Unlike wooden or metal vessels that are rendered (spiritually) unclean by virtue of being touched externally by an unclean object, klei cheres, earthenware vessels, become unclean only when the contaminated object is within the airspace of the vessel. External contact of a Klei cheres is not mitamei, does not render the earthenware vessel unclean. The Kotzker Rebbe, zl, explains this halachah as predicated on the notion that only something of value can be rendered unclean. Wood and metal possess intrinsic value. Thus, they can become unclean. Earth, however, has no intrinsic value, other than the fact that if it is formed into a vessel, the vessel can serve as a container. Hence, the state of tumah, contamination, can apply only when the contaminated object is lowered into/contained within the earthenware vessel. Its value derives from within.
Man’s value also derives from within. In other words, it is not what you are, but what you do or are able to do. External value is of no consequence. A person who is able-bodied, but does nothing, does not derive much value from his physical strength. One who is endowed with a superior mind, but either does not use it or uses it for frivolous, unmeaningful pursuits, has very little added value as the result of his superior mind. On the other hand, one who devotes himself to spiritual advancement, his value elevates with his achievement. As Jews, our value system is determined by the Torah. Our Sages define the value of man by teaching us the meaning of wisdom, strength, wealth, honor, etc. It is all about moral, ethical and spiritual strength and the ability and stamina to apply them. The manner in which we act defines our perspective on what we consider significant, worthy, valuable. Our adherence to Torah values not only defines who we are, but also what we are. Our personal value is grounded in what we value. When we accept spiritually, morally and ethically correct behaviors and values, we have personal worth. When we demonstrate a lack of good judgment in defining our sense of value, focusing on the ephemeral, external and contemporary societal, culturally bankrupt standards, then we indicate a flawed perspective on values, and subsequently denigrate ourselves.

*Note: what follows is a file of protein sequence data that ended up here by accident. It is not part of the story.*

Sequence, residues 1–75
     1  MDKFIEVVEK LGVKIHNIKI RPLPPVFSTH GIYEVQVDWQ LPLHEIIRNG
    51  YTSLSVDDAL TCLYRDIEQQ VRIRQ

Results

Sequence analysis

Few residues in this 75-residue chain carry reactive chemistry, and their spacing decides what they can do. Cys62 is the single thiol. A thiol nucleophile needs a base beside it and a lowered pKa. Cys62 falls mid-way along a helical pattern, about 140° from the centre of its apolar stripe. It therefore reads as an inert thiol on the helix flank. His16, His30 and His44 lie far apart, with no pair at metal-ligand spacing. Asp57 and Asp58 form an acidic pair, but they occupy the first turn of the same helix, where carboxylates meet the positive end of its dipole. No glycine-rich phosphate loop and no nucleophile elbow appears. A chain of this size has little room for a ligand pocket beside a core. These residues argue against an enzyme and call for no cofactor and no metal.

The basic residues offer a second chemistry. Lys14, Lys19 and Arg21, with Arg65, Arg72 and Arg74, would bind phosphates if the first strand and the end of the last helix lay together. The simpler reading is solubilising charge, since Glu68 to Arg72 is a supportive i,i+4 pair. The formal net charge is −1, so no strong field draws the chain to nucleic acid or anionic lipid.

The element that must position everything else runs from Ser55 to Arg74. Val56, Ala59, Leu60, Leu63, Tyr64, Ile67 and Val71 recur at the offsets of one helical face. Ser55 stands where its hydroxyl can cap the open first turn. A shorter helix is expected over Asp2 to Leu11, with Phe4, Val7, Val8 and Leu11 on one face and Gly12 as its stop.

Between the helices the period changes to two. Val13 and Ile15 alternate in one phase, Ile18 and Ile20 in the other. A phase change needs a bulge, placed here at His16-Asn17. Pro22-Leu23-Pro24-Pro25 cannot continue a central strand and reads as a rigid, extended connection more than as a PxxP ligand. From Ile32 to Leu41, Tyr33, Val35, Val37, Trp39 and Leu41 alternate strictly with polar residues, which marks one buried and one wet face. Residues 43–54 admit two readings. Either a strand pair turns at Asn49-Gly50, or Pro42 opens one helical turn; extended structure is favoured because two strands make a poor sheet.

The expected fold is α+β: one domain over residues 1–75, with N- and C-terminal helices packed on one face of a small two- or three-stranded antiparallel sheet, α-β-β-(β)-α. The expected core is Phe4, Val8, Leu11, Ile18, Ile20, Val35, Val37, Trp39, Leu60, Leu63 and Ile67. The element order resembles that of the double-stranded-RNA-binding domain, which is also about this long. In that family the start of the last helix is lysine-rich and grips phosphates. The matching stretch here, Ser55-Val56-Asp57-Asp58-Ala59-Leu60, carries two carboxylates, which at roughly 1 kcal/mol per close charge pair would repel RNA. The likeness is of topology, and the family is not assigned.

We are created with enormous spiritual potential as a result of the neshamah kedoshah, holy soul, for which our body serves as its container. The soul cannot function on its own. The body without the soul is, likewise, of no value. They need one another. Quite like the analogy provided by Chazal: Two men: one blind, and one who had no legs. One cannot see where to go and the other is unable to go. They work out a relationship whereby the blind man carries on his shoulder the one without legs. The blind man serves as the medium of conveyance, while the man without legs is the guide. Together, they are able to safely navigate their way to their destination.
Parents talk about the values they want to see adopted by their children. If we want our children to live a Torah life with Torah values of the highest ethical and moral standards, then we must show them by example how to live. If our focus in life is personal fame and the pursuit of wealth and pleasure, what can we expect from our children? Our misguided standard of living presents them with a message: This is important to me. This is what I consider to be of value. How can we expect them to be any different?